Letter from the Ed

Issue 8 | September 2008

It will be almost three months after the 55th Cannes Advertising Festival when you read this and the dust is beginning to settle.

Many of the issues raised by the award winners this year are issues to be investigated and interrogated on the next 80 pages.

For instance, three of the winners at Cannes which we feature here come from JWT. How come this advertising agency is picking up awards for direct when RMG, its direct marketing sibling, won none?

I argue in my short piece, 'Cannes Round-up', that direct is splitting into direct direct and indirect direct.

And we have outstanding examples of both.

From Proximity London, for instance, there's the 'Doctor's Notes', a classic example of how to reach a carefully targeted audience and steer them towards their VW dealership to test drive a new Passat.

Similarly, Gregor Aigner's 'Chinese Mailing' for SCHOTT is a clever piece of direct mail aimed at makers of ceramic cooker hobs. Target audiences don't come much more specific than that.

If that's direct direct, compare and contrast with Rapp Collins India's ambient idea for Hariyali, an environment protection group. The target audience is anyone with a heart.

DDB Canada's 'Fruitify Yourself' posters are aimed at anyone in the shopping mall that day, though, admittedly, kids are the most likely passers-by to be entranced at seeing themselves so suddenly fruity.

BMF, Sydney, an agency which really does not recognise any line, submitted both direct direct and indirect direct campaigns.

Their work for Tooheys Extra Dry connects outdoor to mobile phone ingeniously to reach a mass audience to build the brand, while their 3-D mailer for BPAY is classic DM, sent out to a list of just 35 decision-makers.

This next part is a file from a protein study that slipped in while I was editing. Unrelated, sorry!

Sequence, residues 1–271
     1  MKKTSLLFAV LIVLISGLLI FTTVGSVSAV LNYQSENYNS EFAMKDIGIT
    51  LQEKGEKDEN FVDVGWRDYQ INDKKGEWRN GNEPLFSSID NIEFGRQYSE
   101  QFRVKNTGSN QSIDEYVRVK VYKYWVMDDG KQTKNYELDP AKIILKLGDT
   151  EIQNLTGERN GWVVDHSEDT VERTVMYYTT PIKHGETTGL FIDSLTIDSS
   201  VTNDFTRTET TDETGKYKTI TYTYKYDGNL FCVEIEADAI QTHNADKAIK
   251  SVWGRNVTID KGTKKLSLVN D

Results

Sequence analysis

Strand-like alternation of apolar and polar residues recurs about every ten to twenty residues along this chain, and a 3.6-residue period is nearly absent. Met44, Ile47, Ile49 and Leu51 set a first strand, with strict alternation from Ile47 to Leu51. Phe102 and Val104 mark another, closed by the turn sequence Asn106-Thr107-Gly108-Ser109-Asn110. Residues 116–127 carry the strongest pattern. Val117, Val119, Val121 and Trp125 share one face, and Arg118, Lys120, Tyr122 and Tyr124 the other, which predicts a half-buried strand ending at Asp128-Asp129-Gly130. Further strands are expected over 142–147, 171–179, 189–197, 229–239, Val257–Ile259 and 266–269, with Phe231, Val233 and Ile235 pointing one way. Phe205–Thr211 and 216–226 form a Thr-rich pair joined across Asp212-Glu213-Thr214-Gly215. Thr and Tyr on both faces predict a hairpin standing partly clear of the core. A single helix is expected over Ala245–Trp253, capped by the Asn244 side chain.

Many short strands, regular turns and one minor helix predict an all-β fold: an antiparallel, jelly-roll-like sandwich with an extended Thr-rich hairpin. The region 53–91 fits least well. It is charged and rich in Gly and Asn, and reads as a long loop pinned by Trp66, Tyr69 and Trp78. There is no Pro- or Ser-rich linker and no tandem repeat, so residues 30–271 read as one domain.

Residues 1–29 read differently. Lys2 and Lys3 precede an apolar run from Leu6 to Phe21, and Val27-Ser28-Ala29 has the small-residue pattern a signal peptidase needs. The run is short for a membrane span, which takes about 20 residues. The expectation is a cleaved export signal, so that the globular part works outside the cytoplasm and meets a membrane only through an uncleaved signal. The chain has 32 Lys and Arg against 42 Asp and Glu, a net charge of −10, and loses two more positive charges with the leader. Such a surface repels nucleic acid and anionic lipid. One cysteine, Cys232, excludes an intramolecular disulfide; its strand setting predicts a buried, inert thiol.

Of the 40 or so ideas selected for this issue, we hope there is plenty to challenge you, even irritate you, but, most of all, inspire you.

One little plea

If you are an agency god, an executive creative director, perhaps, or an MD, a CEO, a Vice-Chair or even the Chair itself, while we are delighted you have subscribed to Directory, we believe our magazine is made for sharing.

Yes, all eight issues look nice in a colourful row on a shelf in your office and yes, your underlings may well have grubby fingers which will mess up the pages, but please - let them have a look. Let their eager minds soak up the details of some of the world's best DM.

'I can see Directory on the coffee table in the CEO's office but woe betide the person who tries to liberate it,' one tearful young direct marketer told us.

So, you lordly ones, why not draw up a circulation list of those you trust and allow them to read the magazine in turn. Or hold a coffee morning. Assemble the team and allow them to benefit from your candid assessments of the work on show. Or having read it yourself, leave it in reception. Let it live a life of its own. Or why not (and here's a thought) take out another subscription?

Till we meet again in Issue 9,


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